Columns for February 2013

Information

Civilized Dining

Q:        Our 18 month old is a table terror! While I’m preparing dinner, she walks around acting like she’s starving, but as soon as we sit her in her highchair she takes a few bites and then wants down, screams, cries, and will sometimes throw food. Through all this, our 5- and 3-year-old try to talk to us but can’t get a word in for all the chaos. We absolutely dread eating in a restaurant. How should we address her behavior?

A:        I’ve said it before, but it bears saying again: Until they are at least 3, maybe 4, and in some cases even 5, children should be fed before everyone else in the family sits down to eat, even if the everyone else in question consists of husband and wife only. Including a child this age in the family meal is an open invitation to trouble. As you describe, they can be relied upon to disrupt in all manner of creative ways.

After your daughter has eaten her fill, let her get down, and then, but only after she’s occupied with something, serve those who qualify as civilized. If she wants to get back up to the table while everyone else is eating, which is going to be the case for a while, just pull out a regular chair for her, put a plate in front of her, give her some finger food, and pay her as little attention as possible. If she begins to disrupt, pick her up, take her to her crib, and let her scream her lungs out until everyone’s finished. A little background noise shouldn’t result in indigestion.

In general, I’m convinced this problem is largely due to giving the infant/toddler entirely too much attention during the family meal. Under the circumstances, the child gets used to being the center of attention and becomes increasingly disruptive as a consequence. If you insist upon having a young one at the table, give finger food, then ignore as much as possible. Carry on conversation “over her head.” But always stand, or sit, ready to remove them and put them where the only person they disrupt is themselves.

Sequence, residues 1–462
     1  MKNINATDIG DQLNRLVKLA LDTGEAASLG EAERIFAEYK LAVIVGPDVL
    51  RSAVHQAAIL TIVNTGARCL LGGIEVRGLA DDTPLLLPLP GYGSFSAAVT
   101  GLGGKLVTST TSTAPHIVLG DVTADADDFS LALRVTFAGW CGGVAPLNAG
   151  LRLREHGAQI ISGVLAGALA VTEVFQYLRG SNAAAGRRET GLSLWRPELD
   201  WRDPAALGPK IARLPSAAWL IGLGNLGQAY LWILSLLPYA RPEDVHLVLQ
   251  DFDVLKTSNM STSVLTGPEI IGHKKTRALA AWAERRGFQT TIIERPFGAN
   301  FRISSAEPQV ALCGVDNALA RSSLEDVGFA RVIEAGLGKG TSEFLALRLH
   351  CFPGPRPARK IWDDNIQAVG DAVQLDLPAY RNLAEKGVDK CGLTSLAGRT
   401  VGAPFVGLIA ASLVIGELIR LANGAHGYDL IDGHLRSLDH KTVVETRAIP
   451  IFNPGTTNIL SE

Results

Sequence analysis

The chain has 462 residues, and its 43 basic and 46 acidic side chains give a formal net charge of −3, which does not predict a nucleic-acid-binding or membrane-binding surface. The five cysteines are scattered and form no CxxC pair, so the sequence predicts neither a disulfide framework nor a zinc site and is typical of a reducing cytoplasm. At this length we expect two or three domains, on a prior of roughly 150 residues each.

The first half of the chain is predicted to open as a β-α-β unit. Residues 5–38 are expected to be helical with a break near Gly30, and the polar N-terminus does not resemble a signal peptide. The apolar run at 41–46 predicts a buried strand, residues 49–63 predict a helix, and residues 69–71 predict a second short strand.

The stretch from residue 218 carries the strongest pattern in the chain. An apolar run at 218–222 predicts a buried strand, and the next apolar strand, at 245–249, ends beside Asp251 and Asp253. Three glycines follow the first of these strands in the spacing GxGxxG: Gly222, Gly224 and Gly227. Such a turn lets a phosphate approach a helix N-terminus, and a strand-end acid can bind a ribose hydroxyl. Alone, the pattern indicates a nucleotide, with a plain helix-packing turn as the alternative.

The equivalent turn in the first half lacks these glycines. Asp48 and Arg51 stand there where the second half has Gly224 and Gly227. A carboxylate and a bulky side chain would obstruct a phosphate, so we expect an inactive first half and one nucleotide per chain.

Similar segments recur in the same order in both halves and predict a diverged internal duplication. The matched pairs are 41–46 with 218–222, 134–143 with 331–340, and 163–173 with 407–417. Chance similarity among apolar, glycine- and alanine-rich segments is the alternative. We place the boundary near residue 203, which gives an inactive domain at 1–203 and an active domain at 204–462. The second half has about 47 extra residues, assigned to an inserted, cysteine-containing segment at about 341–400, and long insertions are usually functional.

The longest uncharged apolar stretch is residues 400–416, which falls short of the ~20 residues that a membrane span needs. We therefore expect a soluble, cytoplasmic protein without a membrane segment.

Stop enabling Adult children!

Q:       My husband and I have a 21-year-old daughter from his first marriage. She was suspended from college for bad grades and is waiting out her time until she can go back. Meanwhile, she works for my husband to earn a little spending money, but rent and food are free. The problem is that her work performance is consistently poor and she is consistently disrespectful. She won’t listen to instructions and takes forever to do anything. Meanwhile, her dad is going slowly insane. She’s disrespectful at home as well. I think he should fire her; then we should kick her out of the house and let her fend for herself. What do you think?

A: Whenever someone asks me if I intend to ever write a book on how to deal with irresponsible, disrespectful young adult children, I answer, “Well, no publisher will accept a book that consists of only two words: Stop Enabling!” As long as this child (her chronological age may be 21, but I estimate her emotional age at 14) can do as she pleases and still enjoy all the comforts of home, she will continue to do as she pleases.

Yes, give her her walking papers, and the sooner the better for all concerned. That is, believe me, the only solution. To grow up, this child needs to experience the slings and arrows of the real world and learn to deal with them without protections. That applies to a lot of young adults these days, by the way.

 

Spoiled, too late?

Q:        Our 17-year-old is a highly spoiled underachiever. As a junior in high school, he’s failing two classes and borderline in the rest. We know that his problems are largely due to our parenting style. We read your book on teens and have made some progress, but we’re feeling a sense of urgency. We’re ready to do some drastic things. Where do you think we should start?

A:        As you now realize, your son is in dire need of a major wake-up call. Start by stripping his room down to bare essentials, taking away any and all electronic devices, and suspending all of his privileges, including driving. Inform him that his normal life will be restored when he has improved his grades to no less than what he’s capable of and sustained the improvement for eight weeks. Anything less will invite cursory improvement, then backsliding. You could get stuck in that sort of manipulative back-and-forth forever.